Leadership hack 023 – setting team norms helps your team perform after the honeymoon has ended
Building great teams is notoriously difficult. Setting an agreed list of team norms can help teams become more productive faster.
Teams take time and investment to become high-performing (see here). The most challenging phase is what Tuckman called the ‘storming’ phase. Once the team has formed and after the honeymoon period is over, team members soon get frustrated by each other’s idiosyncrasies, often resulting in conflict. Agreeing on a set of team norms or behaviours early can help the team get through the ‘storming’ phase faster and with less turmoil. There are a few principles that help:
- Set norms together. It is essential that the norms are not imposed from the top. Spend time getting to know each other, and invest at least an hour discussing what is important to the team as a whole and to each member of the team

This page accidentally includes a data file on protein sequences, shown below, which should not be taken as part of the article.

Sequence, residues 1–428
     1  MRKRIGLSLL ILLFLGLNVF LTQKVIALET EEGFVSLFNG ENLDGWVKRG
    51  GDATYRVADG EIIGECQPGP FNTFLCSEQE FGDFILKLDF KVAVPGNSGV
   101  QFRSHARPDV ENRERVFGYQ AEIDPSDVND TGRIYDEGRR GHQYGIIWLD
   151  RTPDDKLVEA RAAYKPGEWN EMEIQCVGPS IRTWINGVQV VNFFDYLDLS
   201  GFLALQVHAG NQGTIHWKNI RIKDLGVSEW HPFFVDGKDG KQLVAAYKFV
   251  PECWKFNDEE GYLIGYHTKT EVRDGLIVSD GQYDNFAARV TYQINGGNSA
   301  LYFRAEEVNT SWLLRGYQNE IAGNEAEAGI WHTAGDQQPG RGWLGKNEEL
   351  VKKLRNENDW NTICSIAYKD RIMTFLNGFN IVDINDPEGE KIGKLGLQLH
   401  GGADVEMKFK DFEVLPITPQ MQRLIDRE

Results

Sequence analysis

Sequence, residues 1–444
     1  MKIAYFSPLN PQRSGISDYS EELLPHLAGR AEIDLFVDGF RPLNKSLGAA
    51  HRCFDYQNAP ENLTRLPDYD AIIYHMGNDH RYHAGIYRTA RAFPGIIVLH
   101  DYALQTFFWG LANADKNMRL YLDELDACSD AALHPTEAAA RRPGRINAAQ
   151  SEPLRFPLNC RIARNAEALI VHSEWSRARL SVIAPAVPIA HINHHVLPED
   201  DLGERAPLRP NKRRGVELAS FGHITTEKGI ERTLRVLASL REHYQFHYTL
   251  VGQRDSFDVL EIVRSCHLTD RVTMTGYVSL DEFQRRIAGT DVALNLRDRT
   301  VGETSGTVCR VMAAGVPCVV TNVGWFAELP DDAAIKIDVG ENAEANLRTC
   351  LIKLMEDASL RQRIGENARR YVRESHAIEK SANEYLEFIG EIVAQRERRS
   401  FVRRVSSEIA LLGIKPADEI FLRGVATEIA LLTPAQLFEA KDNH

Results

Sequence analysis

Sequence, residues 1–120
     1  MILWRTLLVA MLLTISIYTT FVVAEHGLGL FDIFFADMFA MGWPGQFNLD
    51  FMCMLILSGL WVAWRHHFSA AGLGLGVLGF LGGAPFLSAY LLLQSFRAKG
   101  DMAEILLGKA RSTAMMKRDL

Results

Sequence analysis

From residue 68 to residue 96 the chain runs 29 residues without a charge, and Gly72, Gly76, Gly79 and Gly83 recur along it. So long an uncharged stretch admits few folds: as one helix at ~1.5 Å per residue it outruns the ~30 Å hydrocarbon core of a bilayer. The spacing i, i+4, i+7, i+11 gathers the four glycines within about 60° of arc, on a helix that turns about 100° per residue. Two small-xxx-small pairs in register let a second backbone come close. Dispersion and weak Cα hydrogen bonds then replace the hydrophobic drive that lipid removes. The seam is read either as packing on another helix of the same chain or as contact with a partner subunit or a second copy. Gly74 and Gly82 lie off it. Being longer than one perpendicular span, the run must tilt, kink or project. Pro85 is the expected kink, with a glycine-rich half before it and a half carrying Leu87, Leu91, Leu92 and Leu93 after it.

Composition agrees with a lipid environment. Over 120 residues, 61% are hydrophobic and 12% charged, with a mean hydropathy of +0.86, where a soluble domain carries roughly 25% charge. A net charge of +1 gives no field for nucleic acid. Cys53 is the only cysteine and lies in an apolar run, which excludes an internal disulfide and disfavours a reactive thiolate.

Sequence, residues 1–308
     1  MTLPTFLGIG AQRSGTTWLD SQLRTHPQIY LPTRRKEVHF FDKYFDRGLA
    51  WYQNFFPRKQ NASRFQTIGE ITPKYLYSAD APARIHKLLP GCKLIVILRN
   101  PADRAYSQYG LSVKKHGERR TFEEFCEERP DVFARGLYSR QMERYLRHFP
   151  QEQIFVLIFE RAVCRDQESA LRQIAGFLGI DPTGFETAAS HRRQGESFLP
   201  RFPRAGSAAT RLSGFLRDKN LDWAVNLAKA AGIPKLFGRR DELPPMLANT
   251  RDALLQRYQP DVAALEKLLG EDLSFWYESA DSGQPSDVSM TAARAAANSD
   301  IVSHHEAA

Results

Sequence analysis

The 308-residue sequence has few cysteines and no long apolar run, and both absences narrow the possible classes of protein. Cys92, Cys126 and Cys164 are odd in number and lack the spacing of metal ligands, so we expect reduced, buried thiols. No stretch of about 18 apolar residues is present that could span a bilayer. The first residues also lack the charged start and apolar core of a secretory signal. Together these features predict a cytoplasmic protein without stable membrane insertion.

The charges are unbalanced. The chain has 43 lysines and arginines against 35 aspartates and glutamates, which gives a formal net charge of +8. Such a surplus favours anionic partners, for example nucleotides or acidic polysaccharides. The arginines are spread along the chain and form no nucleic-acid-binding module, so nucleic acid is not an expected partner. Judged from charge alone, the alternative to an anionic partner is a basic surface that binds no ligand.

- Focus on the important stuff. You will probably have too many at the start. Realistically, you need no more than seven so spend time consolidating and prioritising your norms
- Commit. Once you have an agreed your norms as a team. Write them up and decide to them individually and collectively. Print them out and put them in a prominent place
- Reflect and revisit regularly. Agile teams take time out to learn. People and circumstances change, and the team should pause and reflect on their norms, how they are working and adjust if necessary. A good time to do this is at your retrospective
To help you out, here are some norms my teams have created in the past:
- The customer is always right, everyone else bring data
- Be prepared – be prepared for meetings, be prepared for the day and be prepared for change
- Get out of the office once a day (gym, walk, lunch)
- All meetings are optional – if you are not adding or getting value, just leave
- Do not cc people unless they really need to know
- Think ‘who else needs to know’
- If someone has their headphones on they are concentrating. Don’t disturb them, send a Slack message
I have used team norms to help teams get better, faster. I hope you find this useful. Let me know if you have any great ideas.